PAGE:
Monday, May 2, 2016     Volume: 30, Issue: 40

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How much do you think large monetary contributions to campaigns can sway elected officials?

Way too much; it’s seriously time to big take money out of politics.
Enough to reevaluate campaign finance laws and how they impact our political system.
Maybe a little; but in the end they still must answer to voters.
Not a concern; it’s how things work, and any serious candidate must stack some chips.

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New Times / Letter To The Editor

The following article was posted on December 5th, 2012, in the New Times - Volume 27, Issue 19 [ Submit a Story ]
The following articles were printed from New Times [] - Volume 27, Issue 19

Good neighbors don't act like this

Arroyo Grande

By Istar Holliday

So Excelaron is suing SLO County for denying its application to drill for shale oil in the Huasna Valley, a rural, agricultural community of homes and ranches, claiming the denial “rendered Excelaron’s mineral rights useless and valueless … .”

Five years of enquiry resulted in the findings of the Planning Department, the Planning Commission, and the Board of Supervisors that the project, if approved, would so negatively impact the Huasna Valley’s air quality, noise level, ground stability, and roads that the current residents would lose their present quality of life and suffer a significant reduction of their property value. It was rejected.

At many of the meetings on this application, I heard Carol Florence repeat endlessly what a good neighbor Excelaron was going to be. How “honorable” were those promises? When money is at stake, assurances are worthless, which is exactly what the Huasna community anticipated and resisted. As the project grew and became so complicated, it would be impossible to assign blame and liability in the event of fire, earthquake, explosion, or groundwater contamination: BP/Transoceanic/ Halliburton revisited.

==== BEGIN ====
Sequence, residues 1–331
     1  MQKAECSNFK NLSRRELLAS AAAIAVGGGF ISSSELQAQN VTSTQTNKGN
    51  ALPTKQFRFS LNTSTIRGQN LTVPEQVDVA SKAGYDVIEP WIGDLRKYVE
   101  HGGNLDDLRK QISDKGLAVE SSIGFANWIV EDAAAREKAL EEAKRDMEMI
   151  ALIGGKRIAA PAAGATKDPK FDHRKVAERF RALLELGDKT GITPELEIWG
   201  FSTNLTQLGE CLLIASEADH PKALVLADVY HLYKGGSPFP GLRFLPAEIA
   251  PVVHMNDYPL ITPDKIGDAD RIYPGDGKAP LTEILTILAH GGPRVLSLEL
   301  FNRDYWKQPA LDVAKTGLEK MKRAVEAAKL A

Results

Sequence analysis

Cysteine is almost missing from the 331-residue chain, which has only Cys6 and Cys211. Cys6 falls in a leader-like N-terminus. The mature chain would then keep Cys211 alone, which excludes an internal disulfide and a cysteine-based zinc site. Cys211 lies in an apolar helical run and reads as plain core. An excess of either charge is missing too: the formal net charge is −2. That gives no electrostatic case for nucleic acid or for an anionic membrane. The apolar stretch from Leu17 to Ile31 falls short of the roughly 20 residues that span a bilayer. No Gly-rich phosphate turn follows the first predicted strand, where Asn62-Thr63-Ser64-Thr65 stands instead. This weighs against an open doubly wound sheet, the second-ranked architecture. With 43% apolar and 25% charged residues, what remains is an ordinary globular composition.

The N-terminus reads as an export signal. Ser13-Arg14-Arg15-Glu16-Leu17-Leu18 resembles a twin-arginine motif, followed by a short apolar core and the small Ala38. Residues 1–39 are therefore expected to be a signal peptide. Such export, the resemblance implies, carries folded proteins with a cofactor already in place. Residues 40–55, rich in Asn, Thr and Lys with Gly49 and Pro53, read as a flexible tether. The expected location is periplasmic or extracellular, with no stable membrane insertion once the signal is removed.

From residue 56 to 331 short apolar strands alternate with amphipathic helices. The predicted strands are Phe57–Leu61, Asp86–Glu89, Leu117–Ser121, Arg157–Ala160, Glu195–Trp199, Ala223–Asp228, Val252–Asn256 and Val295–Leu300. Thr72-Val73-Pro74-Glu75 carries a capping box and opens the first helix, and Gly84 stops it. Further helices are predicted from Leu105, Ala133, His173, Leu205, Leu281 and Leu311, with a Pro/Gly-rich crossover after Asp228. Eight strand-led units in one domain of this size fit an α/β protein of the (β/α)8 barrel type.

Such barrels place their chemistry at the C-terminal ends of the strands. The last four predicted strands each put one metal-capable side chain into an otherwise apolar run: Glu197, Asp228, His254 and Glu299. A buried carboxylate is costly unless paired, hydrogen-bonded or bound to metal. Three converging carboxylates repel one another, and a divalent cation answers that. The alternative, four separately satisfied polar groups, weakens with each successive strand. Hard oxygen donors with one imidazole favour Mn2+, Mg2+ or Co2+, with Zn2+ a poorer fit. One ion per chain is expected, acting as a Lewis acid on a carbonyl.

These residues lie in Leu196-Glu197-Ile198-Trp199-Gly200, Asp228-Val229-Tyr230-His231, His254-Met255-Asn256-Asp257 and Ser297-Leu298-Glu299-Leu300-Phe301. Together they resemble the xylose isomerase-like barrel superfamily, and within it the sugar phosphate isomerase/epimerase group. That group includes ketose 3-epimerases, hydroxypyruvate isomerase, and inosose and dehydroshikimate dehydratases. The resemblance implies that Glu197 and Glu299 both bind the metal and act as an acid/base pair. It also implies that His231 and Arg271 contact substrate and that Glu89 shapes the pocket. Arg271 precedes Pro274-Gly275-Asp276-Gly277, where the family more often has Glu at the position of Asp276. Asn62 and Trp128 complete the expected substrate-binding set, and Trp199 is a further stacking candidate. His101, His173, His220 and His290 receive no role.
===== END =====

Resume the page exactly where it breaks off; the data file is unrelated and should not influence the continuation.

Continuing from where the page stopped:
When I was young, the rationale for the hugely disparate compensation of investors was that “risk takers” should be compensated, as not all enterprises were guaranteed success. That theory is out the window. Gamble with investors’ money? Invest in a chancy purchase of mineral rights in an agricultural community to drill for oil and lose to an activist community and a vigilant county? Take the losses off your taxes? Better to threaten them with a suit that would destroy the county and your potential “good neighbors.”

A multibillion dollar suit is not a quest for compensation. Call it what it is: extortion!